I don’t love you, you don’t love me, and we aren’t a great big family


0 comments

Even if you don’t you would have to have been living in a cave to not know Barney the purple dinosaur who delights kids with his lessons of cleaning your room, taking turns, and being politically correct.

At the end of every show Barney breaks into the Sinatra-esce ballad we all know “I love you, you love me, we’re a happy family”. Kids love it, but most parents have an involuntary stomach sickness when we hear it — it haunts me in my sleep.

You know why Barney Intl. LTD does it? It works. Parents line up like sheep to buy his merchandise, CDs, DVDs, and other propaganda.

Why do I bring up Barney’s strange mind control over our children? Because apparently it works on adults, too, and it makes me even sicker than our purple friend.

Exhibit A: WorkOtter had a departmental WorkOtter project management software client at a large tax preparation and financial advisor company in Kansas City. We had an opportunity to expand throughout IT and standardize on WorkOtter. Our software was performing admirably in a hosted environment for the better part of a year and our turnaround time on all issues was less than 24 hours. Everyone was happy.

All was going according to plan. Charge much less and get setup quicker than our competitors and then out deliver, out hustle, and out service expectations. The system begins to grow internally and one of two things happens.

Scenario 1 is that the system is perceived as a successful experiment and is rolled out to the division.

Scenario 2 is that the other department heads are terrified their peer will get all the credit and the system doesn’t have every whim they ever dreamed up for their own department. They insist on a full analysis of all vendors and spend $400,000 on a RFI/RFP.

The circus begins.

Unfortunately, scenario 2 came to fruition. After looking at a dozen competitors it came down to Planview and WorkOtter. We have some respect for Planview and personally know companies that will attest to their software (we can’t say the same about SAP, Computer Associates, and ChangePoint – and it is not from lack of asking).

Anyway, the sales people for Planview showed a lot of the functionality as “slideware” instead of production code. They must have sensed some discomfort in the room because as they were giving their closing comments they bleated out, “We love you”.

The people in the room were stunned. Did they just drop the “L-Bomb”? They said it two more times to make sure everyone heard it. They made other sickening promises as well:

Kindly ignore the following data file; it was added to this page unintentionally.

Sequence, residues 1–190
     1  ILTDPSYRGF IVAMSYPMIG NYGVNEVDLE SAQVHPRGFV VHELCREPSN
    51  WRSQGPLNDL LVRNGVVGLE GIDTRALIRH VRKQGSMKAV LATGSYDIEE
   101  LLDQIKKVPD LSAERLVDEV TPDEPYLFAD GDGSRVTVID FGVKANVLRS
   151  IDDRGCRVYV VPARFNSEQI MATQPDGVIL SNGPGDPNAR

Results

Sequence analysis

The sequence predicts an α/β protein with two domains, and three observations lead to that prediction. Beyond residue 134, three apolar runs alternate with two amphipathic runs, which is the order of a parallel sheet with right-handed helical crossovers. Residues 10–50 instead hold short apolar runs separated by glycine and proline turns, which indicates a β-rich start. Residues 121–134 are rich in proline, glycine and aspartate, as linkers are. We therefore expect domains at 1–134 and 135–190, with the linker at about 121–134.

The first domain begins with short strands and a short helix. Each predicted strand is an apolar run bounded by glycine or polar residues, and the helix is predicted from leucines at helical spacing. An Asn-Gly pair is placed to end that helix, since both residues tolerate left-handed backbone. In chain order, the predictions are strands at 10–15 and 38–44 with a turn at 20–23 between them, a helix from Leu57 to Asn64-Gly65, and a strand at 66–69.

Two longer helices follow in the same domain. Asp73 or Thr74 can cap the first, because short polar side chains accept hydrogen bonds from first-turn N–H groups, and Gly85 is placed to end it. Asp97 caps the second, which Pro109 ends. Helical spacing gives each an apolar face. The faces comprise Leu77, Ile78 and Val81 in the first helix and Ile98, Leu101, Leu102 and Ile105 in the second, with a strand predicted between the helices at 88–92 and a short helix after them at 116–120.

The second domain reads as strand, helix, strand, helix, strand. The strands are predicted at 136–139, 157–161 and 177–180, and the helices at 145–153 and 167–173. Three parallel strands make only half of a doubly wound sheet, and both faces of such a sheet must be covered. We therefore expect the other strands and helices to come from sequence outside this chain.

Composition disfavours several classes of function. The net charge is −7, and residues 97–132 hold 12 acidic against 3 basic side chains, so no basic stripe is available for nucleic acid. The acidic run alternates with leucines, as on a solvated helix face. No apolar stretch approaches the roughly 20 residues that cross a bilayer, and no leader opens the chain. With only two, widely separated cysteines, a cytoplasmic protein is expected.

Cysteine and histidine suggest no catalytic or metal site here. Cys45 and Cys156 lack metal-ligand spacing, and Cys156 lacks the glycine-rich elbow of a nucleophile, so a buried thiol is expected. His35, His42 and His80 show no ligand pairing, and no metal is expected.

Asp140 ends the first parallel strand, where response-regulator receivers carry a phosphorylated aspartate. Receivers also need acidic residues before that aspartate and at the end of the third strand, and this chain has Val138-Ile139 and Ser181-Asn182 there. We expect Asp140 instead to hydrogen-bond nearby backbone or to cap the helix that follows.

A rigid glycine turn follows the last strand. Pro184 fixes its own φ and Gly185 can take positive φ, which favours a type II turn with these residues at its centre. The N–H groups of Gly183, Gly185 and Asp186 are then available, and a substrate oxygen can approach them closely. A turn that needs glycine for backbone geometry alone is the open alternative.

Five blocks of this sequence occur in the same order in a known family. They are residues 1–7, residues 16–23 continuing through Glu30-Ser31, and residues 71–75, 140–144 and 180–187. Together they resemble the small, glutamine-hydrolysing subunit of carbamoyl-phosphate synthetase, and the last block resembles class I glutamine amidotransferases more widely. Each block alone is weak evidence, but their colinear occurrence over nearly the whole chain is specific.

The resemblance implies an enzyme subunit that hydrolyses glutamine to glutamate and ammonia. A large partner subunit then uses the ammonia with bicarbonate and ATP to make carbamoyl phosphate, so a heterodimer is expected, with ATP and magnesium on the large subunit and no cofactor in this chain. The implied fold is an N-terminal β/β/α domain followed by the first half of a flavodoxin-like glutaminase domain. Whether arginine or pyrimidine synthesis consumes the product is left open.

• “We will have you running in 3 months!”
  • “The slideware we showed you is really nearly complete”, and
  • “It won’t cost you more than WorkOtter!”
  • “We love you!!!”.

Well – I wouldn’t drop the “L-bomb” during my presentation.

As a matter of fact, I didn’t have to say much at all. I simply logged into their WorkOtter application and showed them the value they were getting from the system after only spending a half day of training and consulting EVER with them. Their own people stood up, one after another, and touted the simplicity and power of the system and how it changed their working lives.

What do you think happened? Did they stay with the proven mate or go with the flashy slideware from the one who “loved” them?

Yep, they ran off with our competitor.

The people that were using WorkOtter where allowed to keep using it until Planview came online in an estimated 3 months.

Eighteen months later we received the phone call that Planview was ready and they would no longer need WorkOtter. By this time the director we were working with had already left the company, the industry, and even the city to get away from it all. What a shame.

So let me just say “I don’t love you, you don’t love me, and we aren’t a great big family”. I won’t bring you donuts, send you fancy gifts, or set you up with event tickets every month. We won’t go on paid trips and I won’t take you to expensive golf courses like our competitors do to brush over the fact that they only care about the sale and that they charge way too much for a product they don’t use themselves.

We don’t put our sale in front of your interests and you will be treated ethically and professionally.

…and I may even loan you some Barney stuff just as long as you never give it back.

Virtually yours,
Nick Matteucci, MBA